Getting on a condo or a co-op board requires a significant investment "“ both in time and sweat equity. As president of a Greenwich Village co-op board, I can attest firsthand to the labors involved. Rarely does a day pass when I don't receive a call from a shareholder who wants to ask a question, complain about a neighbor or discuss a pending issue. But to me, it's all worth it, for we board members are watching over and enhancing the values of our most important asset - our homes.
A co-op or condo board generally seeks someone whose occupational skills can benefit the board. These people can be real estate brokers, accountants, architects, construction engineers and business owners with good negotiating skills. But if you're simply a resident with good ideas, you usually can get on a board too - if you do your homework.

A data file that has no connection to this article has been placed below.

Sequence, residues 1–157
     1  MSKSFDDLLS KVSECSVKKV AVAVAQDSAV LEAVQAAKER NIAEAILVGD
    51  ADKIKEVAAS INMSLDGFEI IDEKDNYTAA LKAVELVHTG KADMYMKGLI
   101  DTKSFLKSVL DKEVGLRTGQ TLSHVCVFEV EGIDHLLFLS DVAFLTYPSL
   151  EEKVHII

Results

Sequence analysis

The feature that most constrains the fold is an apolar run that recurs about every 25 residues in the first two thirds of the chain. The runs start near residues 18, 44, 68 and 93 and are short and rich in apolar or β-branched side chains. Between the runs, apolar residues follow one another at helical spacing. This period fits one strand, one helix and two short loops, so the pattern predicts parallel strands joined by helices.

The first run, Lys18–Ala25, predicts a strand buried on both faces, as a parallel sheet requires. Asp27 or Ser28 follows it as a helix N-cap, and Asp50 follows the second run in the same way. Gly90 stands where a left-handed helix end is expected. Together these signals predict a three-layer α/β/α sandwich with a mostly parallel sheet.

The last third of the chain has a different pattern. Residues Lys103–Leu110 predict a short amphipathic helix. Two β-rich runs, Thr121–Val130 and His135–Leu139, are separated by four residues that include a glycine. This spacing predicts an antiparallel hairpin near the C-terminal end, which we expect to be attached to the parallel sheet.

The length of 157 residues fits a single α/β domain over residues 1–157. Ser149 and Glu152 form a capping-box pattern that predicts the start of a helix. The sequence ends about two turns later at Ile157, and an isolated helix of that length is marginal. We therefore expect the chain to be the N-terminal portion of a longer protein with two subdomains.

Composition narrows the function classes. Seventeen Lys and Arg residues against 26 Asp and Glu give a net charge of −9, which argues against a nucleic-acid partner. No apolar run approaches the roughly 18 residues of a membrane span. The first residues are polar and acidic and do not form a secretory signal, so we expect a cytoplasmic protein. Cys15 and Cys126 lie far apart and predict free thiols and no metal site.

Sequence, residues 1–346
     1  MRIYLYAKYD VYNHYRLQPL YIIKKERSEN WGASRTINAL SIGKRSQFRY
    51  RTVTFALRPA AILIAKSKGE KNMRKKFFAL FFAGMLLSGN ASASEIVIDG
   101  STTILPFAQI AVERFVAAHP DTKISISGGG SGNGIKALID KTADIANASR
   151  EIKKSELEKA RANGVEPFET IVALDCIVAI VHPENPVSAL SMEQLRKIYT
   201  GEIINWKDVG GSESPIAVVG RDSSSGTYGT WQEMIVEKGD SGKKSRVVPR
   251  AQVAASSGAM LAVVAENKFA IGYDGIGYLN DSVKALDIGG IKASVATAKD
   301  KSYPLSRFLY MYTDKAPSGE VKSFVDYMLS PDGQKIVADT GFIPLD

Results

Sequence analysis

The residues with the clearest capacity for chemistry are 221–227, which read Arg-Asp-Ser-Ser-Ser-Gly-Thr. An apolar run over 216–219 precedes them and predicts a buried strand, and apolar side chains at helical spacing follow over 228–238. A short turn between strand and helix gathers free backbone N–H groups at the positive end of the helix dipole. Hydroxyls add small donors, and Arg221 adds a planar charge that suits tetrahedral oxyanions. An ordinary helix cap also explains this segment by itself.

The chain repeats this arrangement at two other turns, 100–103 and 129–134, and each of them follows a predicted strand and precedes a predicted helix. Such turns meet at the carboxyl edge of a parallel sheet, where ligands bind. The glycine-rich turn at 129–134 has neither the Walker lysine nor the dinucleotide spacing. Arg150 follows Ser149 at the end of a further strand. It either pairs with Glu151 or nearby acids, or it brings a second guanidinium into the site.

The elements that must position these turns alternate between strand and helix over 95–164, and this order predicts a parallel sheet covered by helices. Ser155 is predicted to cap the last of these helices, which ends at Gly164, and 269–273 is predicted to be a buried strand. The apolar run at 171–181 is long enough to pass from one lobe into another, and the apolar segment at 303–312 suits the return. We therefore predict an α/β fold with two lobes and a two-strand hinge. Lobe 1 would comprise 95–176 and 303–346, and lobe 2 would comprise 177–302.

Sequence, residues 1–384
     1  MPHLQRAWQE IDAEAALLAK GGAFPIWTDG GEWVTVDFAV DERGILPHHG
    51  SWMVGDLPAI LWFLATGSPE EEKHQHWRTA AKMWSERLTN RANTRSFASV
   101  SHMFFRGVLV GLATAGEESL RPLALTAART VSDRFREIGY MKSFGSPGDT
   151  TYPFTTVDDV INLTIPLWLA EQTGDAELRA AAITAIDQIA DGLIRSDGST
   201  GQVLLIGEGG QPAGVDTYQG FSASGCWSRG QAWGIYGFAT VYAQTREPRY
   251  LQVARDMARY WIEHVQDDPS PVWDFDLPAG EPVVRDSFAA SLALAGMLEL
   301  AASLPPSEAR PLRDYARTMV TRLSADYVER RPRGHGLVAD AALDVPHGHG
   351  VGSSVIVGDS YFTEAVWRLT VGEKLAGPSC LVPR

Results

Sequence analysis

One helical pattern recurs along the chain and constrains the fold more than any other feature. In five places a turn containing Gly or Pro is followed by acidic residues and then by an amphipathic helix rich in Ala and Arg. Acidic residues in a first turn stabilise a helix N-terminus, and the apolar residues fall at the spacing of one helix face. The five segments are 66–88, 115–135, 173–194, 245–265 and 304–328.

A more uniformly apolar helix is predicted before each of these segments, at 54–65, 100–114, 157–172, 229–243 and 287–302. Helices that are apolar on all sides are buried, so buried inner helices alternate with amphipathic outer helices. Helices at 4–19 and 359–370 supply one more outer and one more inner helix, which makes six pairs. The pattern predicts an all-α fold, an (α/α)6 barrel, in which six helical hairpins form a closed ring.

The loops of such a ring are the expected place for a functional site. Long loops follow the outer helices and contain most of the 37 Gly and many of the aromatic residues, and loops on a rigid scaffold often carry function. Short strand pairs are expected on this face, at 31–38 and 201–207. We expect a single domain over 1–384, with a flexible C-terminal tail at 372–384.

People usually want to join a co-op board for two main reasons:
- They want their opinions heard
- They want to add value to their building.
Although a board exercises firm control over budgetary matters, anyone can bring about improvements to their building. In fact, such action often proves the ticket to an eventual board seat.
When moving into a new building, you should wait at least one to two years before attempting to earn a seat on the board. In fact, most buildings maintain a one-year residency rule. But before you attempt to join the board, you can and should get to know your board members, house rules and the building's financial picture.